Hello again from the RV Celtic Explorer. My name is Niamh Connolly and I am a third year Earth Science BSc student in UCC. I am excited to have been given the chance to experience life at sea on board this research vessel and to see what we will find as the research survey continues.
Our ship: the RV Celtic Explorer
It’s great to set sail and get started on our work investigating the seabed and cold-water coral carbonate mounds. The first few days have been calm which really helps you to get used to the movement of the ship and being away offshore for a while. But so far so good! And there is great food on-board which makes life even better!
On the second day at sea, we have travelled about 120 km offshore from Dingle to the Moira Mounds in the Belgica Mound Province, Porcupine Seabight. Here, we used the multibeam echosounder to look at the topography of the seabed and get a better idea of the amount and type of features found on the seafloor that are formed by currents and the transport of sediment and of course find cold-water coral reefs!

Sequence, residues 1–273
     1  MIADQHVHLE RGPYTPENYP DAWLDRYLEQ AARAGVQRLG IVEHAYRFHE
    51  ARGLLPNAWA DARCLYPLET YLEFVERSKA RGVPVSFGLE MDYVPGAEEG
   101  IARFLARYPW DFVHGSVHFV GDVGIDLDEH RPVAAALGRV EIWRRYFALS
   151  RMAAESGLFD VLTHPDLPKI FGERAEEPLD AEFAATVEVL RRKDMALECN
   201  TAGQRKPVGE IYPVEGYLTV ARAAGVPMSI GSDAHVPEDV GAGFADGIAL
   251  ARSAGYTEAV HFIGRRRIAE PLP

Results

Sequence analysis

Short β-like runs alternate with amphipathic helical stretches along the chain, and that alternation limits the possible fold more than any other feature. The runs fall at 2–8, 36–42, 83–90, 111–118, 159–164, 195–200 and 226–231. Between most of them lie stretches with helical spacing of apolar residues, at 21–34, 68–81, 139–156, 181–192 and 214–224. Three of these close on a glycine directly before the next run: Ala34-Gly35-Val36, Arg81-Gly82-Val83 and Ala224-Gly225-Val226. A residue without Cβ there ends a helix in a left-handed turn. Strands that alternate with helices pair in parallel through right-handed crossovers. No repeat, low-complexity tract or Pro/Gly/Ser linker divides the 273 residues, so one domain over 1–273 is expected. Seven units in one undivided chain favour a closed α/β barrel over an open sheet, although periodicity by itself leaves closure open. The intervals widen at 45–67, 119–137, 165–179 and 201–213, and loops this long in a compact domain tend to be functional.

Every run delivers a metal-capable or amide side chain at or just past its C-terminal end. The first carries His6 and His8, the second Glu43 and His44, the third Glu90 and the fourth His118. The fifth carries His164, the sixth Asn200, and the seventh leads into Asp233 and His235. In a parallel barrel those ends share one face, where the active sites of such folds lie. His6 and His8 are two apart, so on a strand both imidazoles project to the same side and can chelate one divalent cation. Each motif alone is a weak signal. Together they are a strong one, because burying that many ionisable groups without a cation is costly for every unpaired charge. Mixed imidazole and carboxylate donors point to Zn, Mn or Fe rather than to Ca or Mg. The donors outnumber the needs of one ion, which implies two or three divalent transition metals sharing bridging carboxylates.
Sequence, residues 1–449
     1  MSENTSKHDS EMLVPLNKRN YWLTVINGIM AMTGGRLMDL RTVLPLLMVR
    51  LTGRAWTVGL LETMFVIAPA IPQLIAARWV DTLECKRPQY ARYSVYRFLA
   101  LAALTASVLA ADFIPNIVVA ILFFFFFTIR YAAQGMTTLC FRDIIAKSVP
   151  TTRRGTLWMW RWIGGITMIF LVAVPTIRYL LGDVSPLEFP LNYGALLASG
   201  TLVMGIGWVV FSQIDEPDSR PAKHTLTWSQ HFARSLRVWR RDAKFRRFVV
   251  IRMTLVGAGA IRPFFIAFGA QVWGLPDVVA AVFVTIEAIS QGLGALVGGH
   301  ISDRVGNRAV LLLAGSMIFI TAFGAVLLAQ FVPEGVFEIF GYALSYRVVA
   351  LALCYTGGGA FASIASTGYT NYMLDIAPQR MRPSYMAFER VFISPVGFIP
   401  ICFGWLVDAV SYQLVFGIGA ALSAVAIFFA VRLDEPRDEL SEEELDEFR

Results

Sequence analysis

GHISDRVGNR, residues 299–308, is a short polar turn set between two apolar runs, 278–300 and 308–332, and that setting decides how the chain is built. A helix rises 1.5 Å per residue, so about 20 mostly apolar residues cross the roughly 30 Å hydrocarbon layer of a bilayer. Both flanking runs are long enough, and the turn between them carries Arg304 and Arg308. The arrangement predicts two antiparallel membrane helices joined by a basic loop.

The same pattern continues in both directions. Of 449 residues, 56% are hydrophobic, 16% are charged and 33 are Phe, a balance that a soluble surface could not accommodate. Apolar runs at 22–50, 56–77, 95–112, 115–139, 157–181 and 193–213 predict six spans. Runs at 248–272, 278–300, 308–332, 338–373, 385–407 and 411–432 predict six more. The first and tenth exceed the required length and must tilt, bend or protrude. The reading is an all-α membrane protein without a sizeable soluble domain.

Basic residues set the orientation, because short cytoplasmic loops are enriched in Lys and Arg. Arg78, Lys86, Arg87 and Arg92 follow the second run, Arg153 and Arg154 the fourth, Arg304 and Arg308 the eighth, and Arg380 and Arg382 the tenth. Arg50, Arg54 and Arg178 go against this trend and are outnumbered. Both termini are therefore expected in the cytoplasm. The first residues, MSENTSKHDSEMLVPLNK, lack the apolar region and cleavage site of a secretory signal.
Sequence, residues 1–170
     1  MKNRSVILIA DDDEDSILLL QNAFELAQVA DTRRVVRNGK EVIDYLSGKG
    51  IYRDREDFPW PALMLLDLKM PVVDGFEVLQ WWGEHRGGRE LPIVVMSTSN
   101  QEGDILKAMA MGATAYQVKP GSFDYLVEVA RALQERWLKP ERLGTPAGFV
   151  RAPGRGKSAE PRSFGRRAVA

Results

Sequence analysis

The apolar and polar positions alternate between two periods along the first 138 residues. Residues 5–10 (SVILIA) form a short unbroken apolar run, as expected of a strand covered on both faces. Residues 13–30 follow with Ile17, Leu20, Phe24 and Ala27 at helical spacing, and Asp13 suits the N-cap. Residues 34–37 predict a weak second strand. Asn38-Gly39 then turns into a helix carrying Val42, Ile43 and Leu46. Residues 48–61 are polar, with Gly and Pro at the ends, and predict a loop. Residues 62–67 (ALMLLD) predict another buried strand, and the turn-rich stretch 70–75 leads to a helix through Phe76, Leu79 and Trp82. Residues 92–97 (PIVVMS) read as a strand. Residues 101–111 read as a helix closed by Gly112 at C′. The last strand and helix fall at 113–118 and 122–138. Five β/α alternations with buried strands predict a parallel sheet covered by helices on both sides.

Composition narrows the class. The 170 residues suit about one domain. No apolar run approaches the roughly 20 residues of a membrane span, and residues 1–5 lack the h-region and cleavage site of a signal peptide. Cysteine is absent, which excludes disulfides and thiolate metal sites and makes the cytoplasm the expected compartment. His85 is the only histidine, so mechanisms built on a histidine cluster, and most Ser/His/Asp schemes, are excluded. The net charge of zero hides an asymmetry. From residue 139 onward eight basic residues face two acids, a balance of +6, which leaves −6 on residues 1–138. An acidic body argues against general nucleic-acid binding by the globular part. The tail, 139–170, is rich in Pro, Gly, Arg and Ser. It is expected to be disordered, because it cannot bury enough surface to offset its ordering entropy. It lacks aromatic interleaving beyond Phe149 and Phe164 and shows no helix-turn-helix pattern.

As well as the multibeam, the brand new state-of-the-art CHIRP echo sounder on-board, named for the “chirpy-bird” sound it makes, can penetrate into the seabed to show the different types of sediment or structures making up these features. As most of the Earth’s seabed still has to be discovered, there is much of it that we haven’t seen. The CHIRP here was used to look inside a giant cold-water coral carbonate mound. The results are fantastic and have given we think the first ever detailed view of the internal structure of this giant mound which is quite exciting! This would mean we could go back to get more information from these mounds which could reveal more about how they are formed and get a 3D view for more detail of their structure.
Today has been eventful so let’s see what tomorrow holds in store!